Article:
The Devil’s Playground
12th August 1976 (Theatrical Premiere) 8th August 2019 (Blu-Ray debut)
In August 1953, the 13-year-old Tom Allen attends a Catholic juniorate in Melbourne, Australia. Students and Brothers face individual challenges of faith and self-restraint.
Arthur Dignam, Nick Tate, Simon Burke, Charles McCallum
Fred Schepisi’s first feature film The Devil’s Playground has just been re-released courtesy of Artsploitation films. The Australian director would go on to direct cult comedy Roxanne and Last Orders starring Michael Caine, but long before all that Schepisi made a quiet and thoughtful film in his home country: a semi-autobiographical coming-of-age story about the sexual repression of the students and priests of a strict catholic school.
Contrary to what you might think, however, this isn’t a film about finger-pointing or exposing crimes which are notoriously attributed to some of the catholic church nowadays. It’s more of a thought piece on how young boys are taught to ignore and suppress their urges in religious schools. For that it may not go far enough for some, deciding to dance around the issues instead of meeting them head-on. Any answers it does provide are both measured and progressive, without taking an aggressive stance or blaming any particular way of life. It makes for a surprisingly gentle film dealing with such a serious subject.
The Devil’s Playground follows Tom, a thirteen-year-old student of a Catholic seminary conflicted between body and spirit as puberty hits. His teachings are rigid and focused on humility: the body and desire are sinful. This is supported and opposed by the priests of the seminary, which the film also centres on as their own faith is tested. Brother Francine (Arthur Dignam) is particularly reserved and hard on the changing boys, even in spite of his own temptations when visiting a local swimming pool, whilst Brother Arnold (Jonathan Hardy; Mad Max, Moulin Rouge) and brother Victor (Nick Tate; Cry Freedom, Hook) are much more laid back in letting their students have fun and simply be boys. One of the oldest priests, not far from death, even counsels Tom throughout the film to be himself and not waste his life following other peoples rules.
There isn’t really a central conflict in The Devil’s Playground despite the day to day lives of the teachers and students which does lessen its impact as a piece of drama. It especially hampers the films ending, which feels underwhelming when it should feel triumphant. Despite this, the film works incredibly well thanks to its authentic script and fine direction. Schepisi finds visual beauty throughout the convent with hazy, sun-drenched ponds in and around the gardens, as well as shadowy chiaroscuro hallways of the aged-school. The feeling of authenticity is high and is surely due to Schepisi’s own upbringing in such a place.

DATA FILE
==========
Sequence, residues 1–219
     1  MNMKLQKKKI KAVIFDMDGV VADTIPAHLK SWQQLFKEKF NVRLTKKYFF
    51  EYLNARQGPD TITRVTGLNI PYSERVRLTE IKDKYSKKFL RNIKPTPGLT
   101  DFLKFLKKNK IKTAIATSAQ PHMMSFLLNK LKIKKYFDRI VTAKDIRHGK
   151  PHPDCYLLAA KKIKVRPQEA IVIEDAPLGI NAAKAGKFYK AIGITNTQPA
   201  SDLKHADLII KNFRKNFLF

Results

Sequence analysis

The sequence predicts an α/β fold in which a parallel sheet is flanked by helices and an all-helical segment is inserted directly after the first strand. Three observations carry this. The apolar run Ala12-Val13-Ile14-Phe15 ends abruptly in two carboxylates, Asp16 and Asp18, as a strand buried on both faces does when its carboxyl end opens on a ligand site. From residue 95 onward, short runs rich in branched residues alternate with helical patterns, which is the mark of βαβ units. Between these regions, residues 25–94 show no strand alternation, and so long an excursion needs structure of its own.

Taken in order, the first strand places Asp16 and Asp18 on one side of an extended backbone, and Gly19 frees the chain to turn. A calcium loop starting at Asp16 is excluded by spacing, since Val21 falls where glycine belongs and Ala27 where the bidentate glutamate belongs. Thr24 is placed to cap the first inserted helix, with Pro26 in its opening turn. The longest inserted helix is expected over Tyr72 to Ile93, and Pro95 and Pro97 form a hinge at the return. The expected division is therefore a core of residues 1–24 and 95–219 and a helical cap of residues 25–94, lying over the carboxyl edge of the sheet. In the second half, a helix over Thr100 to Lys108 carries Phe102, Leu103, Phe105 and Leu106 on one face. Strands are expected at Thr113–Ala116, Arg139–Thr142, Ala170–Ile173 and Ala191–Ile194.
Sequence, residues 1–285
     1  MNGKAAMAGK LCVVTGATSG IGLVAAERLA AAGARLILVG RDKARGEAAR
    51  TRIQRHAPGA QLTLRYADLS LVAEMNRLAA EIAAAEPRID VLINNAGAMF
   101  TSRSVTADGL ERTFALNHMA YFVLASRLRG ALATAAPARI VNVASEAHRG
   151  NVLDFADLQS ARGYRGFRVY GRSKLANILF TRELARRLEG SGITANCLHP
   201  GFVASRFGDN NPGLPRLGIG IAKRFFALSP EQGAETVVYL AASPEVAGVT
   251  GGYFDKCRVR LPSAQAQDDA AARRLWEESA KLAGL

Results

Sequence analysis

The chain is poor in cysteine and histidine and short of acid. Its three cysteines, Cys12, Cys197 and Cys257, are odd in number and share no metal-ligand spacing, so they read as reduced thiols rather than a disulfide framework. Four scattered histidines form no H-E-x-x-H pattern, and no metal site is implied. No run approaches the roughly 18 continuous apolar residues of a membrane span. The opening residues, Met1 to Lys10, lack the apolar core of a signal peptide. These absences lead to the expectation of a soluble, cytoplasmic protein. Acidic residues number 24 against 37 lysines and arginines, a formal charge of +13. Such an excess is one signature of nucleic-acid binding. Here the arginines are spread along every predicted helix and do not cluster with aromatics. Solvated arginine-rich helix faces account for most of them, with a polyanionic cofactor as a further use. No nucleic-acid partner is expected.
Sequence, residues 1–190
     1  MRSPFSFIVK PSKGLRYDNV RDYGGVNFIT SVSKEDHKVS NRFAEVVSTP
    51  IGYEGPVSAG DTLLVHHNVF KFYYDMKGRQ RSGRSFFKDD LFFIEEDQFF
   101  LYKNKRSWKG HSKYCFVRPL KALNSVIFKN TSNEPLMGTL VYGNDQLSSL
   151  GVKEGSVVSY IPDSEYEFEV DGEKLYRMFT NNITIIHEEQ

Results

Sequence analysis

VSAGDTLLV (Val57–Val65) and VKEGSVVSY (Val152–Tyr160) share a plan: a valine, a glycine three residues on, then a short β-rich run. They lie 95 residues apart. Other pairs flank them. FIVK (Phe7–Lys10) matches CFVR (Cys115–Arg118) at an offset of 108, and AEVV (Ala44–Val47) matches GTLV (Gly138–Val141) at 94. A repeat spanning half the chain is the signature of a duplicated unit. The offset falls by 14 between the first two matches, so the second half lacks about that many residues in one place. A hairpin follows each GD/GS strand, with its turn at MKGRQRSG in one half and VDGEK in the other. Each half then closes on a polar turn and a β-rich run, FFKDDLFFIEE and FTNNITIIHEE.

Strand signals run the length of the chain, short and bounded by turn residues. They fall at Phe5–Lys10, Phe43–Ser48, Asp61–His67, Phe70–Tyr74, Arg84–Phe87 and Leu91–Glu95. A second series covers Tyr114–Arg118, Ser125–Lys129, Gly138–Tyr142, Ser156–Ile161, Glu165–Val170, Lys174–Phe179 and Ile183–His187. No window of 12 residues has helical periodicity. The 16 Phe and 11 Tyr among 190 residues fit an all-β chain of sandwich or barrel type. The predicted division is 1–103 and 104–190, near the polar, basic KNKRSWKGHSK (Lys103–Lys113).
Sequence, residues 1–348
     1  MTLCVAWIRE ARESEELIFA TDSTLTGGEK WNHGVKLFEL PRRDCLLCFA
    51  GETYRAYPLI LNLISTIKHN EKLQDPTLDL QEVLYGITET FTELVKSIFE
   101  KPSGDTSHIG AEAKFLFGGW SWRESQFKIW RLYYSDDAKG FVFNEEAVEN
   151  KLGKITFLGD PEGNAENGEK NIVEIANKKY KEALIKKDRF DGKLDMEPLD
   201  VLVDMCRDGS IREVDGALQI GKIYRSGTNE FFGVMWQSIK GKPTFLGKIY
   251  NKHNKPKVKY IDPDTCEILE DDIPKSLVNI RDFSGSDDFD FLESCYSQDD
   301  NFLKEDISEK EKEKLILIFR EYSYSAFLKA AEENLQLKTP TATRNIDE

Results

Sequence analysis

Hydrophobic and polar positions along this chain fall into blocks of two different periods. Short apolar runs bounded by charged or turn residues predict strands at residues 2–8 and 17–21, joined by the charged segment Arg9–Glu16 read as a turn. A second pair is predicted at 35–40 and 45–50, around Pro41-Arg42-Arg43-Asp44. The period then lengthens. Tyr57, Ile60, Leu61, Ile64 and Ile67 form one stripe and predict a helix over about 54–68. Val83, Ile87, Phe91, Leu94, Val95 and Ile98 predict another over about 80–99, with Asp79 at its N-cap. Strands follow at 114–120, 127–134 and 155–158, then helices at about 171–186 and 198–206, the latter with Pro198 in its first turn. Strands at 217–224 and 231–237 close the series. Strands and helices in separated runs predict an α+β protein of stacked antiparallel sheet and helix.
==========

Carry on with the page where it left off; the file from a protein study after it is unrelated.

The material is also acted by some of Australia/New Zealand’s finest character actors, which certainly doesn’t hinder things. As the scope of the film widens towards the halfway point, each of the smaller characters gets fleshed out fantastically. But this does take away from Toms journey to find himself as the plot gets sidetracked with one of the priests self-loathing or fellow students descent into religious fanaticism.
I came out of The Devil’s Playground feeling that it was an unjustly forgotten film. It may not be a fully realised classic, but it’s an intriguing look into a world that’s beginning to disappear in developed countries.
The Devils Playground is being re-released in a new widescreen HD transfer. Included in the DVD are a featurette, interview, and audio commentary with director Fred Schepisi. The film is out now DVD and VOD from Artsploitation Films.
Thoughtful coming-of-age drama
Sparse but beautiful use of music
Wonderful ensemble cast
Conclusion is underwhelming